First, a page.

9. ^ Sovereign Ordonnance n° 4.123 of 23 October 1968.
  10. ^ "NATIONAL MUTINY IN NICARAGUA; NICARAGUA". The New York Times. Retrieved 21 May 2019.
  11. ^ Frank J. Coppa (2006). Encyclopedia of Modern Dictators: From Napoleon to the Present. Peter Lang Publishing. p. 284. ISBN 9780820450100.
  12. ^ Wilson, Brian (12 August 1983). "Inside The City That Is Watched By American Might". The Glasgow Herald. p. 4. Another is that the blood plasma which arrived at Managua airport for the relief of earthquake victims was promptly re-exported by a Somoza company to the United States.
  13. ^ Webb, Gary (1999). Dark Alliance. Seven Stories Press. p. 56. ISBN 978-1-888363-93-7.
  14. ^ David Kunzle (1995). The Murals of Revolutionary Nicaragua, 1979-1992. University of California Press. p. 4. ISBN 9780520081925.
  15. ^ John Byrne; Leigh Glover; Cecilia Martinez (2009). Environmental Justice: Discourses in International Political Economy. Transaction Publishers. p. 43. ISBN 9781412822657.
  16. ^ John Pilger (2001). Heroes. Vintage Press. p. 498. ISBN 9780896086661.
  17. ^ Gorriarán Merlo, Enrique. Memorias ("Memories") ISBN 950-49-1063-7[page needed]
  18. ^ "Cuarenta años del ataque que mató a Somoza y golpeó a dictadura de Stroessner". La Vanguardia (in Spanish). 16 September 2020. Retrieved 16 December 2020.
  19. ^ "UF Digital Collections".
  20. ^ Somoza Car, Latin American Studies
  21. ^ "Paraguay Says a Suspect In Somoza Case Is Slain", by Edward Schumacher, The New York Times, September 19, 1980, p. A4
  22. ^ Brian Latell, Castro's Secrets: The CIA and Cuba's Intelligence Machine (New York: Palgrave MacMillan, 2012), pp. 124–125.
  23. ^ Jorge Masetti, In the Pirate´s Den: My Life as a Secret Agent for Castro (Encounter Books: San Francisco, 2002).
  24. ^ World Marxist Review, Vol. 22
  25. ^ The Somoza legacy: he failed the people he professed to love, The Christian Science Monitor, September 19, 1980


  • Alegria, Claribel, and Flakoll, Darwin J. Death of Somoza. Curbstone Press, 1996.
  • Berman, Karl. Under the Big Stick: Nicaragua and the United States Since 1848. South End Press, 1986.
  • Booth, John A. The End And The Beginning: The Nicaraguan Revolution. Westview Press, 1985.
  • Booth, John A. and Thomas W. Walker. Understanding Central America. Westview Press, 1999.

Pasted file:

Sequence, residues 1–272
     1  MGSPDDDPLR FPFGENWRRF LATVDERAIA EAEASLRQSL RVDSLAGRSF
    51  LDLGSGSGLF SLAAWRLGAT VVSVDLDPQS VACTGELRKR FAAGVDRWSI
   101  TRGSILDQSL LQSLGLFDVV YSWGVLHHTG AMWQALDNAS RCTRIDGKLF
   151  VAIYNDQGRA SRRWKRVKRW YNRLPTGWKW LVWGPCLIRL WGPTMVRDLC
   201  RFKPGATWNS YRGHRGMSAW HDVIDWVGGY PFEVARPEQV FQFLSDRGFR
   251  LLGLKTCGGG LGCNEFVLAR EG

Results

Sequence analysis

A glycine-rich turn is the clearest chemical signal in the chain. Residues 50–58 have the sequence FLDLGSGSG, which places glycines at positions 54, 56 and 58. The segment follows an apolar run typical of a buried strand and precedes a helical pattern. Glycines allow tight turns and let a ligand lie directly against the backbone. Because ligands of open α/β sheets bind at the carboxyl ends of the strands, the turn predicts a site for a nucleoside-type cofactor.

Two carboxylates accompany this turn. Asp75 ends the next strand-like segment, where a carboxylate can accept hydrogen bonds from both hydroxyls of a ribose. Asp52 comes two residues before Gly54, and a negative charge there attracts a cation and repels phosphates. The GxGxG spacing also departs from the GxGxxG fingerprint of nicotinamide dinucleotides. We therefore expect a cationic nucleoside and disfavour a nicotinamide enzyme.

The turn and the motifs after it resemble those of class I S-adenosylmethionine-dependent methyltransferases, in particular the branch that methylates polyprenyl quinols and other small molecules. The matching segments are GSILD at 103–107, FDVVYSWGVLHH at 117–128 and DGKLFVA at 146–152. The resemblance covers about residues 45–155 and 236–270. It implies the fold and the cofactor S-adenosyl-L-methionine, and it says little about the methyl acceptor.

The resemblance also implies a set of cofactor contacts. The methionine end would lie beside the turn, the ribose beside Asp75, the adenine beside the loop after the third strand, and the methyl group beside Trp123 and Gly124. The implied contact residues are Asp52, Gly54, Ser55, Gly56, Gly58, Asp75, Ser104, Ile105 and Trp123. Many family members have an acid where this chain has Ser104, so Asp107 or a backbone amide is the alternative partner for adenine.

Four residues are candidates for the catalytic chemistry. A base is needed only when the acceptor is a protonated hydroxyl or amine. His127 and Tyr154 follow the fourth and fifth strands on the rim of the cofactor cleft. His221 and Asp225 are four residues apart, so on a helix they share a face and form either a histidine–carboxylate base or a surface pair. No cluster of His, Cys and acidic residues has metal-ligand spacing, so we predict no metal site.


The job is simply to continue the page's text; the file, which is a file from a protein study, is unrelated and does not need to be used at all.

• Christian, Shirley. Nicaragua: Revolution in the Family. Vintage Books, 1986.
  • Crawley, Eduardo. Dictators Never Die: Nicaragua and the Somoza Dynasty. Palgrave Macmillan, 1979.
  • Diederich, Bernard. Somoza and the Legacy of U.S. Involvement in Central America. Markus Wiener Publishers, 2007.
  • Dillon, Sam. Comandos: The CIA and Nicaragua's Contra Rebels. Henry Holt & Co., 1992.
  • Kinzer, Stephen. Blood of Brothers: Life and War in Nicaragua. David Rockefeller Center for Latin American Studies, 2007.
  • Lake, Anthony. Somoza Falling: A Case Study of Washington at Work. University of Massachusetts Press, 1990.
  • Leiken, Robert S. (ed.) and Barry M. Rubin (ed.). The Central American Crisis Reader. Summit Books, 1987.
  • Merrill, Tim (ed.). Nicaragua: A Country Study. Federal Research Division, Library of Congress, 1995.
  • Millett, Richard. Guardians of the Dynasty. Orbis Books, 1977.
  • Norsworthy, Kent and Tom Barry. Nicaragua: A Country Guide. Inter-Hemispheric Education Resource Center, 1990.
  • Pastor, Robert A. Condemned to Repetition: The United States and Nicaragua. Princeton University Press, 1987.
  • Pezzullo, Lawrence and Ralph Pezzullo. At the Fall of Somoza. University of Pittsburgh Press, 1994.
  • Rees, John (ed.). Ally Betrayed...Nicaragua. Western Goals, 1980.
  • Somoza, Anastasio (as told to Jack Cox). Nicaragua Betrayed. Belmont, MA: Western Islands, 1980.
  • Towell, Larry. Somoza's Last Stand: Testimonies from Nicaragua. Red Sea Press, 1990.
  • Walker, Thomas W. Nicaragua: Living in the Shadow of the Eagle. Westview Press, 2003.
  • Zimmermann, Matilde. Sandinista: Carlos Fonseca and the Nicaraguan Revolution. Duke University Press, 2001.
Political offices
Preceded by President of Nicaragua
Succeeded by
Preceded by President of Nicaragua
Succeeded by